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Government Contractors

Help! The Government Took My Money and Gave it to a State!

By: John Ford, Senior Consultant, Government Contractor Services Group

We all know from folk lore that the IRS can seize property from a taxpayer if the taxpayer is delinquent in paying its Federal taxes. However, did you know that the government can seize money from a taxpayer and pay it to a state?

Cherry Bekaert’s GovCon Group recently had a client receive a notice that funds had been withheld on a contract with the Department of State related to a state income tax liability that the client and our tax department had received no prior notices of delinquency. After the outrage about the situation subsided, we decided to look into the matter further to determine the contractor’s rights and the rights of the government. This article will discuss the government’s ability to do so.

There are two statutes that give the government the right to pay money owed to a taxpayer, including government contractors, and pay that money to a state. First, 26 U.S.C. §6402(e), (also see 31 CFR §285.8 for implementing regulations) permits the Internal Revenue Service (“IRS”) to offset amounts owed to a contractor as a tax refund against “a past-due, legally enforceable State income tax obligation” if the IRS is notified by the state of the debt. However, this offset can only be made in regard to a state tax debt owed to the state in which the taxpayer is a resident. For these purposes, the statute permits an offset only if the address shown on the Federal return for the taxable year for which a refund is due is an address in the State seeking the offset. For contractors that owe taxes to more than one state, the offset can only be taken for a tax debt owed to the state where the contractor is a resident for Federal tax purposes.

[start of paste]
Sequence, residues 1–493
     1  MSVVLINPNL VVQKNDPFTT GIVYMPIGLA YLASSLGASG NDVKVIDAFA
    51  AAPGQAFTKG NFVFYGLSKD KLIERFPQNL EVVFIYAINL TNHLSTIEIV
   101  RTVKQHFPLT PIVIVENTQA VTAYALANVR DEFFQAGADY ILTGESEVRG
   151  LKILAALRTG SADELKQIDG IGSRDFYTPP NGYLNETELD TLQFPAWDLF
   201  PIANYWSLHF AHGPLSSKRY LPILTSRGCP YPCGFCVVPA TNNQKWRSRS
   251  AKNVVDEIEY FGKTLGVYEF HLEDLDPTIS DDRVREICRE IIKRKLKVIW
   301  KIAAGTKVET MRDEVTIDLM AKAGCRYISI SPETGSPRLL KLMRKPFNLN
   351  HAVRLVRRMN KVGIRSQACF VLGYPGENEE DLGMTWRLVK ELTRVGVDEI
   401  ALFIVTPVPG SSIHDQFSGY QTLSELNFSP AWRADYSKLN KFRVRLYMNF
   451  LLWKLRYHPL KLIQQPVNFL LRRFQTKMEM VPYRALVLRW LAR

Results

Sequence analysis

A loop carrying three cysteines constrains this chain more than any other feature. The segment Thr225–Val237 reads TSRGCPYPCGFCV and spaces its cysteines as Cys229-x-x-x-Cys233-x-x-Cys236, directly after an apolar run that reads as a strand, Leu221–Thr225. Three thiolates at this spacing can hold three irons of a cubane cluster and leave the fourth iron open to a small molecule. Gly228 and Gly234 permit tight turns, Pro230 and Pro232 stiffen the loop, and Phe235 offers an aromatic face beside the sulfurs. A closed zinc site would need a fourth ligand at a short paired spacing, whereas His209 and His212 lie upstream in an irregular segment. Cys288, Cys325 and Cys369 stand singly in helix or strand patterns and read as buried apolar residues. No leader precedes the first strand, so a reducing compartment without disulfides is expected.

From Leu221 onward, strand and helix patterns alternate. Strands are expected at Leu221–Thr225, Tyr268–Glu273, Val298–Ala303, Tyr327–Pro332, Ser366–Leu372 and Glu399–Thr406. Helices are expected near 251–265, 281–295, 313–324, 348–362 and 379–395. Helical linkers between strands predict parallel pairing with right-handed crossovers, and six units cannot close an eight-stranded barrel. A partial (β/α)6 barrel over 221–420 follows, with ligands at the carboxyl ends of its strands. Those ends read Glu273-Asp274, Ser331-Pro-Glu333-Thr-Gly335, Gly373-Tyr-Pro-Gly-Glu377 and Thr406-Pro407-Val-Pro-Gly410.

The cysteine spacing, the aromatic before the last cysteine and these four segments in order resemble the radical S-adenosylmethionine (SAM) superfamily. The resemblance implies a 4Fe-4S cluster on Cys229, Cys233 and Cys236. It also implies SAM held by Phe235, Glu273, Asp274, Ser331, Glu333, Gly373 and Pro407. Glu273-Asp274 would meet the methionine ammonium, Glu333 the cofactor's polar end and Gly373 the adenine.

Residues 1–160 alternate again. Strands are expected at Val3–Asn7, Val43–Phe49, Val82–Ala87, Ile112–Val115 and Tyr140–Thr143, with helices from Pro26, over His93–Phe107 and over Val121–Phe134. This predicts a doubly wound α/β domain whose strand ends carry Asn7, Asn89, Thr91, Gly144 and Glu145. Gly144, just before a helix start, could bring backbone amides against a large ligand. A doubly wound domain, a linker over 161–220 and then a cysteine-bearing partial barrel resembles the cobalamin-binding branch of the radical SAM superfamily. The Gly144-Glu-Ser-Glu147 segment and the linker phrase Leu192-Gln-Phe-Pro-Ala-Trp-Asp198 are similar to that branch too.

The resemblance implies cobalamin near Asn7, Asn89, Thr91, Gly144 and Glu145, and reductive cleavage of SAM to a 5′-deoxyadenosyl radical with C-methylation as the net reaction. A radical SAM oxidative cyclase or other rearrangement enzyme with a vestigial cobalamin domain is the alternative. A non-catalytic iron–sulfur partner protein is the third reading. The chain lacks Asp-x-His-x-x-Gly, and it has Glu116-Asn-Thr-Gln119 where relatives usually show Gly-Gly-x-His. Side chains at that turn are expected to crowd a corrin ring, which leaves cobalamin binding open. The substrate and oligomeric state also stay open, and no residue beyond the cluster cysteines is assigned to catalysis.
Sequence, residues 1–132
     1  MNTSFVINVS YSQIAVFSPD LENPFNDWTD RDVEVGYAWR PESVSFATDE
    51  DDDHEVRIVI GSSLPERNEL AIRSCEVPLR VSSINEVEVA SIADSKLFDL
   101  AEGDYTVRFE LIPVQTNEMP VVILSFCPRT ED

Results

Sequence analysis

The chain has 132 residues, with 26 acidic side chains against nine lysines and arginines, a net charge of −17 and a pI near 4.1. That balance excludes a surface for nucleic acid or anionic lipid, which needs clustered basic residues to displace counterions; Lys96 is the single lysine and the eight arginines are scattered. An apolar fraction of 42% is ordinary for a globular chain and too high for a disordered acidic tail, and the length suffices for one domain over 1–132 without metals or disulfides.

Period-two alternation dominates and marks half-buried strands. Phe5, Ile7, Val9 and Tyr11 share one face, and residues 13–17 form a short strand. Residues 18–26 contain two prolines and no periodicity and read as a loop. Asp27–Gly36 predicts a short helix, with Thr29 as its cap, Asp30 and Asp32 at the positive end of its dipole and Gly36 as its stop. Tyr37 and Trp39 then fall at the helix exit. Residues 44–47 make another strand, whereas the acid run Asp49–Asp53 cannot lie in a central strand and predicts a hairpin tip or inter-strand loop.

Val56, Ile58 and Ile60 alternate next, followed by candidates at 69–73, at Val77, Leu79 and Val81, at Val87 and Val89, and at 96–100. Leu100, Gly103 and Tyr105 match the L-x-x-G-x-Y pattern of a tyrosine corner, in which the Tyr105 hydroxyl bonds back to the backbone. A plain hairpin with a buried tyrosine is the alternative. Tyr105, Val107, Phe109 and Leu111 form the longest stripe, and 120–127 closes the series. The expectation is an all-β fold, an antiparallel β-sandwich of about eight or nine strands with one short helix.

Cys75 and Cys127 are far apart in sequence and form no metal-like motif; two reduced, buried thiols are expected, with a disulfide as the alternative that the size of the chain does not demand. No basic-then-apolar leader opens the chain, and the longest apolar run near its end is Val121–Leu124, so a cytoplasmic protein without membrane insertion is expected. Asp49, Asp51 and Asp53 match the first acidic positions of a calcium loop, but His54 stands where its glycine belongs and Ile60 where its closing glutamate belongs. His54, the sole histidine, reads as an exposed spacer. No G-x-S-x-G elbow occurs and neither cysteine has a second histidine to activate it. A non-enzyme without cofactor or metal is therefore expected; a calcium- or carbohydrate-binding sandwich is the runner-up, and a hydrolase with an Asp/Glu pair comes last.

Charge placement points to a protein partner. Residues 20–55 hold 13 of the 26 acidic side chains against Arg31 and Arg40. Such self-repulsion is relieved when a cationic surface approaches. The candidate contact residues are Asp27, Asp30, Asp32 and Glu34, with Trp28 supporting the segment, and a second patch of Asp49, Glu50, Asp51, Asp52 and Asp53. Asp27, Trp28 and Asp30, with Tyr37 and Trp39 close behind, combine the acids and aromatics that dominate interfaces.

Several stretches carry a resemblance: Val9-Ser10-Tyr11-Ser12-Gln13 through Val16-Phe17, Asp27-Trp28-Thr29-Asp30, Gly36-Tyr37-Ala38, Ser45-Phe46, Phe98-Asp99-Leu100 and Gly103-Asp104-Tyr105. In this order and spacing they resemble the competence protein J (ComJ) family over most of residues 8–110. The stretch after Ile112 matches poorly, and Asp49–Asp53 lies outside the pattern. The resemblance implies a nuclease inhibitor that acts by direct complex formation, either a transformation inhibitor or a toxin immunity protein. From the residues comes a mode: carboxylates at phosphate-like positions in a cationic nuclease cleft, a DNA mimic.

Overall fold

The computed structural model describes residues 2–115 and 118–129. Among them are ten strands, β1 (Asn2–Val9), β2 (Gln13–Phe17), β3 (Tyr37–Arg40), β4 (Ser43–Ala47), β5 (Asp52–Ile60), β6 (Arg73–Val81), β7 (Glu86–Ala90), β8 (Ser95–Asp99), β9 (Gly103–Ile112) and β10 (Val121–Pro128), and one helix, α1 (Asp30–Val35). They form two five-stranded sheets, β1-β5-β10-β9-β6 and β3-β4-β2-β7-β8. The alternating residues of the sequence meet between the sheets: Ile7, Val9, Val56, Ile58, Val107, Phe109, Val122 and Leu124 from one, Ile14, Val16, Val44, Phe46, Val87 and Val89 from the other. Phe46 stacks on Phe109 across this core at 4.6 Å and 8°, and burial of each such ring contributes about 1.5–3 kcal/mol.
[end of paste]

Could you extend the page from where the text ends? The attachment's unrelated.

As for what is a “past-due, legally enforceable State income tax obligation,” the statute defines it as:

a debt—

(A)

(i) which resulted from—

(I) a judgment rendered by a court of competent jurisdiction which has determined an amount of State income tax to be due; or

(II) a determination after an administrative hearing which has determined an amount of State income tax to be due; and

(ii) which is no longer subject to judicial review; or

(B) which resulted from a State income tax which has been assessed but not collected, the time for redetermination of which has expired, and which has not been delinquent for more than 10 years.

As a result, before this authority can be invoked, the state must have provided the contractor with due process in determining that the tax is due.

Finally, the statute requires the IRS to notify the taxpayer/contractor why its tax refund has been reduced.  If a reduction is made to a Federal tax refund due the contractor, the statute prohibits the contractor from filing suit against the IRS to recover the reduction. Any challenge to the reduction must be in an action against the state receiving the payment if any such action is available.